Extreme value theory: proceedings of a conference held in Oberwolfach, Dec. 6-12, 1987
The theory of extreme values has become a broad subject which is difficult to cover by a few authors. It is the purpose of this book to lay out in an expository way the broad spectrum of extremes by contributions, some of which are reviewing recent developments and some are including original ideas and results. In the last years, the complexity of problems and their tractability by mathematical methods stimulated a rapid development of mathematical theory that substantially helped to improve our understanding of extreme behavior. Due to the depth and richness of mathematical ideas, extreme value theory has become more and more interesting to mathematically oriented research workers. This was one of the reasons a conference on extreme value theory was held at the Mathematische Forschungsinstitut at Oberwolfach (FRG) in December 1987. The book is split into three parts with a total number of nine sections. The topics covered include probabilistic theory, statistical theory of extreme values, and multivariate extremes and records.
21 pages matching Resnick in this book
Results 1-3 of 21
What people are saying - Write a review
We haven't found any reviews in the usual places.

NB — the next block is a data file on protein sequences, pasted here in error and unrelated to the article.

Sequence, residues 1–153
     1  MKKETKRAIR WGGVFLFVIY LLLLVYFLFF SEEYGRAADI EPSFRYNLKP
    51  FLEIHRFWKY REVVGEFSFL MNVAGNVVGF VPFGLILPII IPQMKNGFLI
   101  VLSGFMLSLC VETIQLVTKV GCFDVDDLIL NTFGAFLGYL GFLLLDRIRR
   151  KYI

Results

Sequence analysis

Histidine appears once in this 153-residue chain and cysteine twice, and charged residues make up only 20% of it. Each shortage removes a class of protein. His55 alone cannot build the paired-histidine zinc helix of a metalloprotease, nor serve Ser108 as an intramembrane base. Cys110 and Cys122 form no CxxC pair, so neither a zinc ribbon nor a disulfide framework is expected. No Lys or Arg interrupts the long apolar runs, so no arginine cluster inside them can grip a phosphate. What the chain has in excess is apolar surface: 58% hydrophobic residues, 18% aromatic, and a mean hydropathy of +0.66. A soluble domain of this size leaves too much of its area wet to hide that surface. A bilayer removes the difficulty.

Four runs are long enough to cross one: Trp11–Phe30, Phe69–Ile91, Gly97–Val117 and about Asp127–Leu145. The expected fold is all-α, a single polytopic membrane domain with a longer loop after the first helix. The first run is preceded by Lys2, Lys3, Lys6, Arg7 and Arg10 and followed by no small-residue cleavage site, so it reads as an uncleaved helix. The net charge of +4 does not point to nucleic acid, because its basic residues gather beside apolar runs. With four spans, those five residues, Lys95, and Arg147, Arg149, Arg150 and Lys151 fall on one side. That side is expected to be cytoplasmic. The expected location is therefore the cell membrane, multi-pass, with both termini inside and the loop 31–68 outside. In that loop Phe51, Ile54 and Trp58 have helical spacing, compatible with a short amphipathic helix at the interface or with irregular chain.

Other editions - View all
assume assumption asymptotic expansion asymptotically equal bivariate bounds characterization cluster consider constant convergence Corollary defined definition Deheuvels denote density dependence function distribution function domain of attraction ergodic estimator exists exponential distribution exponential family extremal index extremal processes extreme order statistics extreme value distribution extreme value theory finite Gaussian processes given Gumbel Hausdorff dimension Hence holds implies independent integral inter-record interval Leadbetter Lemma lim inf lim sup limiting distribution log.n loglogt margins Markov Math Mathematics maxima maximum obtain order statistics parameter Pickands point process Poisson process Prob probability proof of Theorem properties quantile quantile function random measure random variables record values regression regularly varying functions Reiss Resnick RFC—amplitude sample satisfies self-similar Slepian model process slowly varying stationary strong approximation Tiago de Oliveira wavelength and amplitude Wiener process zero